The bases that make up the DNA double helix absorb ultraviolet light. There is much debate about the way nature avoids radiation damage to DNA. Furthermore, the unique characteristic of an organized sequence of closely spaced base pairs, exploited in living organisms, can be used to tune the electronic structure for photo physical functionality in future applications. To understand the special properties of the DNA double helix that make it possible to avoid radiation damage, and their use in applications, new state of the art laser experiments are in progress in the host group. However, although these experiments give a wealth of information about the properties of DNA, due to their highly complex nature their interpretation is far from straightforward. New theory is necessary to interpret these measurements. This project aims at the establishment of a unique collaboration between theory and experiment to understand how the closely spaced DNA bases control its optical properties, and how manipulation of the base sequence can be exploited for applications. In particular, the transport of energy through the helix after absorption of light and the possibility of charge separation will be clarified. To this end, a new theory will be developed in close collaboration with experimental work. The theory will find direct application to DNA, but will also be applicable to related systems such as conjugated polymers and biological light-harvesting complexes, where both energy transport and charge separation are directly relevant for the function.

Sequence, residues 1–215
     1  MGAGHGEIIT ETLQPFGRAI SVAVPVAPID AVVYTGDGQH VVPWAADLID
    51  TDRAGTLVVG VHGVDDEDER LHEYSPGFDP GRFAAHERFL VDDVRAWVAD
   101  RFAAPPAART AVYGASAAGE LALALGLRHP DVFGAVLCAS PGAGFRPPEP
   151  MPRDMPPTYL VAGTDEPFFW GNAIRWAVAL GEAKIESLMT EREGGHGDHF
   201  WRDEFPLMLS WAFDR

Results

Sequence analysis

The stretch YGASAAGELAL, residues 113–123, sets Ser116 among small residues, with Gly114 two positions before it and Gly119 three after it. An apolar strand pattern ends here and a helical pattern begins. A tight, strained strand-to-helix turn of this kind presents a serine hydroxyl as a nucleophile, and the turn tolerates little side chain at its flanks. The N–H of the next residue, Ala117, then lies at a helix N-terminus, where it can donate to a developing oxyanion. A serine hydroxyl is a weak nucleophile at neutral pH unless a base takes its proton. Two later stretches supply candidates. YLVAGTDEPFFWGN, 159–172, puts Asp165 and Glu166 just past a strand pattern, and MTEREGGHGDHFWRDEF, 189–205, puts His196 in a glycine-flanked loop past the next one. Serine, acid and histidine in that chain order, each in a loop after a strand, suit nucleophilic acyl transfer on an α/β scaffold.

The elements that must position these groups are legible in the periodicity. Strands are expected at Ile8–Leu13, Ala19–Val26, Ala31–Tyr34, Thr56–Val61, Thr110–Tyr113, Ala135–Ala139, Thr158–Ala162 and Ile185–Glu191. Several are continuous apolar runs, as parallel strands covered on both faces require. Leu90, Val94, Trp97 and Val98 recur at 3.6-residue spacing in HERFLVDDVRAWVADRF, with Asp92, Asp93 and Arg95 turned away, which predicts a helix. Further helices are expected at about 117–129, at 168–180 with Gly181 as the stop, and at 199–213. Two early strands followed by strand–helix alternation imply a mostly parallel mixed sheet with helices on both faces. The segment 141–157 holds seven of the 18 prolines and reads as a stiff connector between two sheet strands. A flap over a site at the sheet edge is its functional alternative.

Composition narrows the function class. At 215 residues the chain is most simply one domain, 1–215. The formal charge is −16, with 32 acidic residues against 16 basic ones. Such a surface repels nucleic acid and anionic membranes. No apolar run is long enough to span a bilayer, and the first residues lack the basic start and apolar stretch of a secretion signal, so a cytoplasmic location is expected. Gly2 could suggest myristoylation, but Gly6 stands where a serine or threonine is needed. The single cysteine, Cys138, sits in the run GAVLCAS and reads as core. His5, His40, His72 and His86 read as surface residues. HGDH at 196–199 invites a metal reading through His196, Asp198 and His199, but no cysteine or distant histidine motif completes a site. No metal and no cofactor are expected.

Field of science
- /natural sciences/biological sciences/genetics and heredity/dna
- /social sciences/social and economic geography/transport
Call for proposal
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